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Ghost of the Past or Hint at the Future: Breaking Down S&P’s Exxon Downgrade

By Oil FOXBusiness

ExxonMobil (XOM) on Tuesday was seen as the latest casualty of the recent steep decline in global energy prices. Standard and Poor’s downgraded the $363-billion American multinational oil and gas company’s credit rating from a pristine AAA to AA+, after putting the firm on CreditWatch with negative implications in February.

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The ratings agency cited increased pressure from low commodity prices, high capital spending, and large dividend payouts and share repurchases as the chief reasons for the downgrade. The firm said it predicts Exxon will continue to return cash to shareholders instead of placing higher priority on reducing its debt and bolstering cash on hand. 

This isn’t the first downgrade of its kind. According to an April 2016 report from S&P Ratings Services, the firm downgraded 45 of nearly 105 energy and production and integrated companies that it rated at the start of 2015, and another 27 through the end of the first quarter of this year. Twenty of those E&P companies were slashed to default or selective default after missed interest payments or distressed debt exchanges.

Phil Flynn, FOX Business contributor and senior market analyst at the PRICE Futures Group, said the downgrade reflects how serious oil’s sharp decline has been. As of Tuesday’s settlement, West Texas Intermediate crude prices had shed more than 25% from a year ago, and have plunged more than 70% from record highs hit in 2008. 

“[It] really reflects a sector that is in really big trouble right now,” he said. “It means we’re going to see billions of dollars of less investment in energy, billions of barrels of oil that aren’t going to get produced in the future, and we’re going to be paying the price down the road.”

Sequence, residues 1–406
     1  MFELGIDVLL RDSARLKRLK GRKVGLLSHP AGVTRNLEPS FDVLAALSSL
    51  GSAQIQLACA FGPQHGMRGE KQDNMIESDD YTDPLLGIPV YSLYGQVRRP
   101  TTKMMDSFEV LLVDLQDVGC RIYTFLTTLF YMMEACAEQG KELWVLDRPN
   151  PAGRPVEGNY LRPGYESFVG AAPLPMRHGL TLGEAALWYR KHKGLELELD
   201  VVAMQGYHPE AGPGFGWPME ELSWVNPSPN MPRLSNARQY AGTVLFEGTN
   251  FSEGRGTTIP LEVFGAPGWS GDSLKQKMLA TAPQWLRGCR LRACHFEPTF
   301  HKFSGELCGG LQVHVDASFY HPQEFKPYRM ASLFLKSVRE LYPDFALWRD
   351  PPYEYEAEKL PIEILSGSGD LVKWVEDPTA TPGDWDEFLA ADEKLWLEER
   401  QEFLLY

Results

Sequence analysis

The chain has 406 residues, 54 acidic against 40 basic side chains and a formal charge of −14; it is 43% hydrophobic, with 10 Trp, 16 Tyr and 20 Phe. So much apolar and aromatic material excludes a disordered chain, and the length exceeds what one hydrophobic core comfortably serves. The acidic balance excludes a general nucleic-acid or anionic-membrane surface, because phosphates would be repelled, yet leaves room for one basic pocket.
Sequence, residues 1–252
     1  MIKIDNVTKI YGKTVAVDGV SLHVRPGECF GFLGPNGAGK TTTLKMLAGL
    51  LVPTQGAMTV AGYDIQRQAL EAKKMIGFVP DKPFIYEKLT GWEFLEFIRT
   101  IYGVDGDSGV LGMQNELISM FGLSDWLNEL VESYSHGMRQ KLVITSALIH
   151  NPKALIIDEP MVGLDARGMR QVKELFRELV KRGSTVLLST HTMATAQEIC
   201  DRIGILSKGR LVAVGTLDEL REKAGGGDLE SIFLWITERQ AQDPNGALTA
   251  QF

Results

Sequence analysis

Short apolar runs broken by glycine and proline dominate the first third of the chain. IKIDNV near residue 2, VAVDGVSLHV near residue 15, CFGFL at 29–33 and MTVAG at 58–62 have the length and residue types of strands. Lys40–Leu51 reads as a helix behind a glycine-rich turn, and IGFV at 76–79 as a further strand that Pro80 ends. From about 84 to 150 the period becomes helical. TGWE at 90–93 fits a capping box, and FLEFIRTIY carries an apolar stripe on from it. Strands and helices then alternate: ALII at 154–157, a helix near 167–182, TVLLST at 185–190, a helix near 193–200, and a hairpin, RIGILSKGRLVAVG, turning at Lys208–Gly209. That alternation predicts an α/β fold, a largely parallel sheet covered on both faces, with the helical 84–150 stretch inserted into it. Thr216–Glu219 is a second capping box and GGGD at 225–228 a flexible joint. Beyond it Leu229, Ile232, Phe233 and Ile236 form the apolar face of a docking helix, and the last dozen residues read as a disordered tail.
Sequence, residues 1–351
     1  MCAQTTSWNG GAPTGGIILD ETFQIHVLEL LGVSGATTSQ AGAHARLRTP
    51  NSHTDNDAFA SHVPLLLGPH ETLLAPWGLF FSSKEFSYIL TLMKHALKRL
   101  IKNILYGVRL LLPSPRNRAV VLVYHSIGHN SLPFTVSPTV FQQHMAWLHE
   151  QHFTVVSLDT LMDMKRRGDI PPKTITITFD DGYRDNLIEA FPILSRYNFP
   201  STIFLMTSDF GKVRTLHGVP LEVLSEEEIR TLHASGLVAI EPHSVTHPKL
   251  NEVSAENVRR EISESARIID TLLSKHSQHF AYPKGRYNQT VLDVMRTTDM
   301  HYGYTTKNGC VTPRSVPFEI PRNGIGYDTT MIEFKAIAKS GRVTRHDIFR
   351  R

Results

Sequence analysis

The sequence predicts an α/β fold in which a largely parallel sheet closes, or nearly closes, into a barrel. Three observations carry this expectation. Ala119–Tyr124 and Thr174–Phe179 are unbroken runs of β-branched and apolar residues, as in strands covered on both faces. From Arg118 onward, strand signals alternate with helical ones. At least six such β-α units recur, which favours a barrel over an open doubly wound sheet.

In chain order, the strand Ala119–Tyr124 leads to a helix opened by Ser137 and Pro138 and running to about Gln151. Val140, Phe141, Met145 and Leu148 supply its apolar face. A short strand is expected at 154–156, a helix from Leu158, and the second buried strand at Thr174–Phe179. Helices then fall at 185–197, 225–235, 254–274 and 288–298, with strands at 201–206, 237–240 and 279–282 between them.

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Flynn pointed to past examples of similar narratives that have played themselves out: In 1998, Exxon and Mobil agreed to a $73 billion merger amid pricing pressures in the crude-oil market, and Texaco’s bankruptcy later resulted in a buyout from Chevron (CVX).

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“What we will see now will cost us billions of oil barrels in the future because when you get the biggest of big oil cutting back, the exploration of more barrels of oil and gas isn’t going to happen. What will happen is demand will go up and the U.S. will fall behind,” he said.

Yet, the price action in the market following the news wasn’t of all out panic. Energy continued to be the best performer of all 10 S&P 500 sectors, while Exxon’s share price traded virtually flat, up about 0.2%. 

Darin Newsom, senior analyst at DTN, said that’s because most of the downside risk has already been priced into the market, and it’ll take a lot more than one downgrade to spook investors in the energy sector

“No one can expect oil companies to do well, so investors are kind of sitting back and not going to get excited about this sort of thing. If we go another year down the road and large oil companies are still struggling, then maybe we’ll see more reaction by investors,” he explained.

For now, he said to expect slow movement as oil prices continue to move higher, and larger companies look to buy up smaller, struggling companies at cheap prices. From Newsom’s point of view, Tuesday’s action by S&P wasn’t so much an indication of what’s to come so much as a result of the pressure the industry has suffered for the last year and a half.

“This is more of a reflection of the past. I don’t see the ripple effects out there now…could it roil the markets down the road? It’s possible. But I think Exxon will continue to be Exxon just not with the triple-A rating from S&P,” he explained. 

For a significant reaction in the markets as a result of increased pressure, Newsom said the oil market would have to collapse further and something even “more severe” than a ratings cut will have to happen. For example, he said a large oil company would have to come close to the brink of collapse or suffer substantial problems. Still, he said he doesn’t expect that to happen any time soon.